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 Plotter - Plot F(x,y) Function Graphic for BP7  Al Goldberg 17.05.1991

Объяснение принципов преобразования реальных координат в пиксельные координаты на экране. Приведена программа, рисующая график. Для запуска требуется EGAVGA.BGI v2.0.
PLOTTER contains a methodical scheme to set up an analytic coordinate system inside a TP graphics window and also has the functions u(x), v(y) that transform local analytic x,y coordinates to pixels, thus allowing the use of analytic algebra entirely in local x,y coordinates. EGAVGA.BGI required.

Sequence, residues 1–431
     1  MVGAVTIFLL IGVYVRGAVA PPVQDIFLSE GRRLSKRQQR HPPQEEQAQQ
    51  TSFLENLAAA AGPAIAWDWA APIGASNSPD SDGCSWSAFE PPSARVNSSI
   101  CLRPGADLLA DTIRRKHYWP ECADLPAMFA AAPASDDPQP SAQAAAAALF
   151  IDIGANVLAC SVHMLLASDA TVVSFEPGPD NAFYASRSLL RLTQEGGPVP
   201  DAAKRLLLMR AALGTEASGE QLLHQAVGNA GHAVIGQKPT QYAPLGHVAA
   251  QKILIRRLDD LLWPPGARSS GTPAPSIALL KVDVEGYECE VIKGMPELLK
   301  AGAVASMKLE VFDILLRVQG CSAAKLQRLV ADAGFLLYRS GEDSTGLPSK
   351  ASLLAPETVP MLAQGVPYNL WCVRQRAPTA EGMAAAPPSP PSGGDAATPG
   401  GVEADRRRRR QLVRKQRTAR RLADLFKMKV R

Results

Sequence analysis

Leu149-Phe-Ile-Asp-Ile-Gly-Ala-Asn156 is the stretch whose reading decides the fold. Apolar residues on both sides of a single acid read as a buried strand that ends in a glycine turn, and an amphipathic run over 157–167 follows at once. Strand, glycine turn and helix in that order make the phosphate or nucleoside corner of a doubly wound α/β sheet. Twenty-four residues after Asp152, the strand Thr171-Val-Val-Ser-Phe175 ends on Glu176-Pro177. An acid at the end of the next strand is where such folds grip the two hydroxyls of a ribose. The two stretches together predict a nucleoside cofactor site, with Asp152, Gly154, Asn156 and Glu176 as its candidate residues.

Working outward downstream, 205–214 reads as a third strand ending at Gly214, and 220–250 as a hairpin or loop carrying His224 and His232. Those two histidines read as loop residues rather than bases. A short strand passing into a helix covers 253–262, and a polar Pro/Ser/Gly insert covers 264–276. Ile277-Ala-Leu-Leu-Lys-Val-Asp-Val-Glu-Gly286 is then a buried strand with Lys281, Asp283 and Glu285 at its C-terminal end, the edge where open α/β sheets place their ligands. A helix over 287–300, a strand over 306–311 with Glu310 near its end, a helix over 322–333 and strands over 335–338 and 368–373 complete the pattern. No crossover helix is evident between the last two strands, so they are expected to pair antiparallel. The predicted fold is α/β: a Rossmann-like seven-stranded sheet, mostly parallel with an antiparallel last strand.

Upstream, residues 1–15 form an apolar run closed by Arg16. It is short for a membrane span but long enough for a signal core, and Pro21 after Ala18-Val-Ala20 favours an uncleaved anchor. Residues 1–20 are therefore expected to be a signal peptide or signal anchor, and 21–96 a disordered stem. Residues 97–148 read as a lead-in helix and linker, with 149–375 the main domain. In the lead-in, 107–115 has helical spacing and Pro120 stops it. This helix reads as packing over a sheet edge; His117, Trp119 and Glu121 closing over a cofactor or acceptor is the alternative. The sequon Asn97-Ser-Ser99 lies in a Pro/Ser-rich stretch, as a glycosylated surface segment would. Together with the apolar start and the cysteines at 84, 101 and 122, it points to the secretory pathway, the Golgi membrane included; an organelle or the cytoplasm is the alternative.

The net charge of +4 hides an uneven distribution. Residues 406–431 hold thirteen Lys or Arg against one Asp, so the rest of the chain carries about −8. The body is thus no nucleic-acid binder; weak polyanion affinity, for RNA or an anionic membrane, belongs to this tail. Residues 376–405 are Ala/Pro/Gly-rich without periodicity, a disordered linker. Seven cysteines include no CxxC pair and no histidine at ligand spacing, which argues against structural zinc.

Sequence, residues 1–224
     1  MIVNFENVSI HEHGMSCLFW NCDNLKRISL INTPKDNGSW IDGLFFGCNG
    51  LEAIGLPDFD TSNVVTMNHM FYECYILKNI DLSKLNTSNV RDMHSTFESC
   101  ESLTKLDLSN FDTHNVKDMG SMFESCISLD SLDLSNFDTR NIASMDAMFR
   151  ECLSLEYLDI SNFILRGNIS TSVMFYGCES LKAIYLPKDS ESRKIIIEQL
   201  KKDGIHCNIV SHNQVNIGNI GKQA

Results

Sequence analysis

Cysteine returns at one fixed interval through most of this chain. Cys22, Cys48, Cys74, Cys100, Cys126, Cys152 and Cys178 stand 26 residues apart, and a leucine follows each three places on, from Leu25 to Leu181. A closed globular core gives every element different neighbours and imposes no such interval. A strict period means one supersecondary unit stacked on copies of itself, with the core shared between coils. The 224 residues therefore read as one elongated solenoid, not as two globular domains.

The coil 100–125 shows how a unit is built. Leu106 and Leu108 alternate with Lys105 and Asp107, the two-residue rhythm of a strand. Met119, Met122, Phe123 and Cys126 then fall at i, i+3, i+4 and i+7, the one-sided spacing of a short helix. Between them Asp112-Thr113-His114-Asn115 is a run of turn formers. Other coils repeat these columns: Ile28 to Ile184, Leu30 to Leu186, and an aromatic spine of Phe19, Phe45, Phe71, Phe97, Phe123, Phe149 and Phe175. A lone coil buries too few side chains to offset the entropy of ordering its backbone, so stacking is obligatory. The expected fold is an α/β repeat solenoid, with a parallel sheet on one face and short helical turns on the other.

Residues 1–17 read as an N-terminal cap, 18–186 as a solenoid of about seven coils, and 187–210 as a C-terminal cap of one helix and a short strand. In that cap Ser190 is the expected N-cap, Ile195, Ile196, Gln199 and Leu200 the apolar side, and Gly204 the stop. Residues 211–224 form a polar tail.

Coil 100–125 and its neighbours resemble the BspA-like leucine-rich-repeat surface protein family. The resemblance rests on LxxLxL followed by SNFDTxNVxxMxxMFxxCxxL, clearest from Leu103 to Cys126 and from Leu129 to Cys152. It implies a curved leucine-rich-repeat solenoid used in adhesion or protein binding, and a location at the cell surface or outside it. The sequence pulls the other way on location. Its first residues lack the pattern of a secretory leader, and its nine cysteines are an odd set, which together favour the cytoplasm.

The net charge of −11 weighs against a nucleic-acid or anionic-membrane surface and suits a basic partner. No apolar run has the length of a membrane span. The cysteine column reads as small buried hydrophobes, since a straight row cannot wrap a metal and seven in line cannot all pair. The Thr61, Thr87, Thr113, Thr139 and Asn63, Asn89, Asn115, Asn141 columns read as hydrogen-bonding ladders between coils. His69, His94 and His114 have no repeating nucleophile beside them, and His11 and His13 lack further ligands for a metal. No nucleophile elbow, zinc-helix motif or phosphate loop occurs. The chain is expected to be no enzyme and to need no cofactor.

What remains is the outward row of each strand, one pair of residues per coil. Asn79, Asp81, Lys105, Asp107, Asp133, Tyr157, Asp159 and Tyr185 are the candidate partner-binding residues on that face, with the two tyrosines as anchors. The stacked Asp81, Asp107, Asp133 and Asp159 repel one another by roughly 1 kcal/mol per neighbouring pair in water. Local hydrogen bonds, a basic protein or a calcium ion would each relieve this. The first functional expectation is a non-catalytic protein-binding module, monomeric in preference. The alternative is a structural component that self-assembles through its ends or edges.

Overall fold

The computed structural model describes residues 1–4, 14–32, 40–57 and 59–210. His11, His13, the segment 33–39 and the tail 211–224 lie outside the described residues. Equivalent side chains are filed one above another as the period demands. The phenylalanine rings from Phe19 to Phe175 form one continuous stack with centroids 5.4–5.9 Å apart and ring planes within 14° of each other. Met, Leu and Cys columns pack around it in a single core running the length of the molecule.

PLOTTER.PAS 05/16/91 Al Goldberg, 47 Nancy Rd., Newton, Ma 02167 ---------------------------------------------------------------- It is awkward to make analytic plots in a Turbo Pascal graphics window because analytic functions (reals) generally have an origin near the bottom left and are positive towards the top right while TP's graphic system expects XY coordinates to be given as pixels (integers) with origin at top left and grow positively towards the bottom right. There is also a problem with scale lengths since one would want to assign unit values in a window that might differ from the preset pixel-numbers. Finally there can be a problem with linearity caused by rectangular screen shapes. In order to handle these difficulties PLOTTER contains a methodical scheme to set up an analytic coordinate system inside a TP graphics window and also has the functions u(x), v(y) that transform local analytic x,y coordinates to pixels, thus allowing the use of analytic algebra entirely in local x,y coordinates. Similarly, lines, labels, circles, and so on can be located in the x,y system but drawn with standard TP graphics methods. Call pixel coordinates u,v with an origin at top left that increase to uu,vv at bottom right. u,v's are integer-type. Define an analytic coordinate system of reals with origin at the bottom left corner that increase to top right; call these absolute analytic coordinates, x',y'. Also define real-type local analytic coordinates x,y whose origin is arbitrary - it may be anywhere in the window or may be outside it. In local coordinates the abs origin is point x0,y0, the point at top right is x1,y1, and any other point is x,y from the local origin. For simplicity take the local origin to be outside the window, below and to the left of the abs origin. In abs coordinates, then, a local point x,y is x' = x - x0, y' = y - y0, and the screen is xx = x1 - x0 wide by yy = y1 - y0 high in either of the analytic coordinates. To define the system, specify values for points x0,y0 and x1,y1; if the local origin is inside the window then x0,y0 will have negative values. Conversion from abs to pixel coordinates is u = uu*x'/xx and v = vv - vv*y'/yy. With conversion from real to integer the functions can be defined: u(x) = Trunc(uu * (x - x0)/xx) v(y) = vv - Trunc(vv * (y - y0)/yy) where u(x) & v(y) return integer-types and x's & y's are real-types. Linearity can be a problem when graphic figures are generated from analytic expressions rather than TP's built-in functions for circles, arcs, or the like. True linearity occurs only when the coordinate system gives equal physical lengths for equal unit distances in both x and y directions. Thus a square of, say, 5 units on a side ought to have identical sides when measured by a ruler on the screen. Not only should the coordinate system be so defined, but there are two other elements that need to be considered: the logical shape of the screen as given by pixel dimensions of the graphics card in use - 720x348 Hercules or 640x480 VGA, for example - and the physical dimensions of the video screen. The latter can vary substantially depending on the type of screen in use, as with a CRT monitor or elongated laptop LCD. It's also worth mentioning that although the reasoning here is to produce a linear screen, linearity isn't always needed nor desireable as it reduces the range of a plot. A sine function, for example, is recognizable when x & y scale factors differ while a circle looks very odd unless the two scales are identical. TP uses the term aspect ratio but doesn't really define it, although GetAspectRatio returns parameters by which an aspect ratio may be calculated and SetAspectRatio allows it to be changed. The following is taken from a manual on the C language which seems to use the term analogously: aspect ratio = (width/height) * (vv/uu), where the first term is obtained by physical measurement of the active portion of the screen, the second defined by pixel counts from GetMaxX & GetMaxY or, as mentioned below, by dimensions of a defined viewport. However, since TP only has information about the pixel values there could be defaults for the width/height term which may not always be correct. In any event TP does make internal compensation for screen shape in its graphics functions, and in the case of both my desktop CRT monitor (width/height = 1.550, 720x348 screen) and laptop LCD (1.316, 640x200) manages to produce fairly good circles on each, although probably there are cases where that isn't true. In the end it seems simpler to use information about screen shape in other ways. Thus, the functions defined as coordinate transforms, above, use uu,xx & vv,yy separately. Call phi = (width/height), a parameter that describes the shape of the active region of the screen and let us presume it can be determined by a ruler from physical dimensions of a rectangle drawn about the screen. We can compare that value to one computed from GetAspectRatio and (vv/uu), choosing in case of a discrepancy the one that makes best linearity. For reference, GetAspectRatio returns the parameters Xasp, Yasp, from which (Xasp/Yasp) gives TP's aspect ratio according to my C manual, and, by earlier reasoning must also include defaults to account for the shape of the physical screen. If those defaults match the real, measurable, phi then the relation (Xasp/Yasp) = phi * (vv/uu) should be true. When defining the system choose numbers for the points x0,y0, & x1,y1 that define a square region; this assures that units along both axes will be uniform. Noting, however, that due to the generally rectangular shape of most screens - phi larger than 1 - we should increase the length of the x-axis to account for the extra space. Take, then, (x1 - x0) = (y1 - y0)*phi, but, since eventually the terms for width and height, xx & yy, will be needed we can choose to specify the screen either by numeric values for both corners or for one corner and width, height. Analytic relations are needed for the missing parameters, either a corner not specified or width, height. In either event the condition that xx = yy*phi should be included in the specification. While the above discussion was based on a window the size of a full screen, there is nothing to prevent one from applying the same logic to a smaller area defined in SetViewPort. In that event the pixel system inside the port starts at 0,0 at top left and increases to uu,vv at the bottom right corner. All analytic coordinate relations apply to the newly defined space except that GetmaxX, GetmaxY still refer to the full screen, not to the newly defined port. It seems simplest to specify the port with pixel values referenced to the full screen; computed values for uu,vv of the port then are directly useable in an analytic system inside the port. PLOTTER.PAS does just this, and in a way that makes it easy to change the shape of the port so to observe what happens to TP's Circle and to a comparable one generated analytically. PLOTTER.PAS is a program that demonstrates the ideas described here. It is intended as a prototype where coordinate parameters can be easily changed and from which various relevant parts may be copied to a 'working' program. Note the liberal use of a ruler in order to make sure that linearity is achieved, noting also that the writer has no scruples about fudging the value of phi until it does although he found TP's default parameters came fairly close to phi-measured on his screens. Note also that the standard documentation doesn't have much on how TP handles the aspect ratio. The writer would appreciate information in this area from anyone who cares to contribute.